Labour Dan Norris 16,216 31.7 -7.0
Liberal Democrat Gail Coleshill 11,433 22.3 +2.7
UKIP Peter Sandell 1,754 3.4 +1.2
Green Michael Jay 670 1.3 +1.3
Majority 4,914 9.6% +62.6
Turnout 51,203 76.0 +4.5
Conservative hold Swing +4.6
General Election 2001: The Wrekin
Party Candidate Votes % ±%
Labour Peter Bradley 19,532 47.1 +0.1
Conservative Jacob Rees-Mogg 15,945 38.4 -1.8
Liberal Democrat Ian Jenkins 4,738 11.4 -1.4
UKIP Denis Brookes 1,275 3.1 N/A
Majority 3,587 8.7
Turnout 41,490 63.1 -12.1
Labour hold Swing +0.95
General Election 1997: Central Fife
Party Candidate Votes % ±%
Labour Henry McLeish 23,912 58.7 +8.3
SNP Tricia Marwick 10,199 25.0 -0.1
Conservative Jacob Rees-Mogg 3,669 9.0 -8.6
Liberal Democrat Ross Laird 2,610 6.4 -0.5
Referendum Party John Scrymgeour-Wedderburn 375 0.9 N/A
Majority 13,713 33.6 +8.3
Turnout 40765
Labour hold Swing

References[edit]

  1. ^ "Entry Information". FreeBMD. Retrieved 25 February 2015. 
  2. ^ "Jacob Rees-Mogg". UK Parliament. Retrieved 14 October 2012. 
  3. ^ "Jacob Rees-Mogg celebrates the birth of his fourth child". This is Bath. Northcliff Media. Retrieved 14 October 2012. 
  4. ^ a b c Jack, Ian (24 April 2010). "In pursuit of Somerset royalty in the hyper-marginal hinterland". The Guardian. Retrieved 27 October 2013. 
  5. ^ a b c Adams, Guy (19 October 2006). "Rees-Mogg: First family of fogeys". The Independent. Retrieved 25 February 2015. 
  6. ^ Cumming, Shaun. "Jet-set team on the hunt for income". Fund Strategy (Centaur Media). Retrieved 15 January 2013. 
  7. ^ "Jacob Rees-Mogg". Trustnet. Retrieved 15 January 2013. 
  8. ^ Wright, Oliver (6 January 2013). "Jacob Rees-Mogg: 'I'm suspicious of politicians who try to be men of the people'". The Independent. Retrieved 8 January 2013. 
  9. ^ Woods, Judith (18 June 2013). "'I will never be a phoney man of the people'". The Daily Telegraph. Retrieved 4 September 2013. 
  10. ^ "Lost Voices". Division of Psychology and Language Sciences UCL. Retrieved 1 September 2013. 
  11. ^ Mullen, John (18 June 1999). "Lost voices". The Guardian. Retrieved 25 February 2015.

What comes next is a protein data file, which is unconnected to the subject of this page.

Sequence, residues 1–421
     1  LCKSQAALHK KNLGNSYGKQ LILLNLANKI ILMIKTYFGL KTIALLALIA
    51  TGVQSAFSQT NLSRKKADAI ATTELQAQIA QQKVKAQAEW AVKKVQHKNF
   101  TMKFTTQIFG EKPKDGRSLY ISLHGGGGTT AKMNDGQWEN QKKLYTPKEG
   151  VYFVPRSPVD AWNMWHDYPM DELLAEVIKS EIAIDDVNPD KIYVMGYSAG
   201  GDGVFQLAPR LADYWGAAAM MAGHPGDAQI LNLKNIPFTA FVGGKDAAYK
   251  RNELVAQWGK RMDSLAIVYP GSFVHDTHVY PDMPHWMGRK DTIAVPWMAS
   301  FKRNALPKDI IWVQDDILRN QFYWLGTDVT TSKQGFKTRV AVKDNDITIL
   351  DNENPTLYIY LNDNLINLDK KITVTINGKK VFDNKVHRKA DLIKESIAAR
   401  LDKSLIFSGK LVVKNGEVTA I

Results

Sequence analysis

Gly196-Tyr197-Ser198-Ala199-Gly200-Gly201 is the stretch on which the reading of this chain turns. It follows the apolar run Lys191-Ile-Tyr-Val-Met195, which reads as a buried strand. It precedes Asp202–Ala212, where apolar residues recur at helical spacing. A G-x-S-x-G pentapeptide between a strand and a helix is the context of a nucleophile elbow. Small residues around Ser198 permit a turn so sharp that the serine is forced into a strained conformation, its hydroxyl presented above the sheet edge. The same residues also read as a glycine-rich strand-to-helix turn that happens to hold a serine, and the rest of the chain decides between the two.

12. ^ "Election 2010: The Wrekin". Shropshire Star. Retrieved 25 January 2013. 
  13. ^ "Jacob Rees-Mogg MP". BBC News. Retrieved 25 January 2013. 
  14. ^ Butt, Riazat (22 February 2008). "Archbishop orders Catholic hospital board to resign in ethics dispute". The Guardian. Retrieved 23 February 2008. 
  15. ^ Savill, Richard (5 March 2009). "Tory candidate apologises over Sun plagiarism row". The Daily Telegraph. Retrieved 5 March 2009. 
  16. ^ "Conservatives' Jacob Rees-Mogg accused of using employee to pose as constituent". The Daily Telegraph. 29 December 2009. Retrieved 1 September 2013. 
  17. ^ a b "Election 2010 – Somerset North East". BBC News. 7 May 2010. 
  18. ^ "Somerton & Frome". BBC News. Retrieved 3 October 2013. 
  19. ^ a b "The cult of Jacob Rees-Mogg". Total Politics. 1 July 2011. Retrieved 14 July 2012. 
  20. ^ Isaby, Jonathan (15 December 2010). "Philip Hollobone continues to top the league table of backbench rebels". ConservativeHome. 
  21. ^ "Voting Record — Jacob Rees-Mogg MP, North East Somerset (24926)". The Public Whip. Bairwell. Retrieved 15 July 2012. 
  22. ^ "Sustainable Livestock Bill". They Work for You. mySociety. 12 November 2010. Retrieved 15 July 2012. 
  23. ^ "Friday filibusters and mug poetry". LabourList. 15 November 2012. Retrieved 14 July 2012.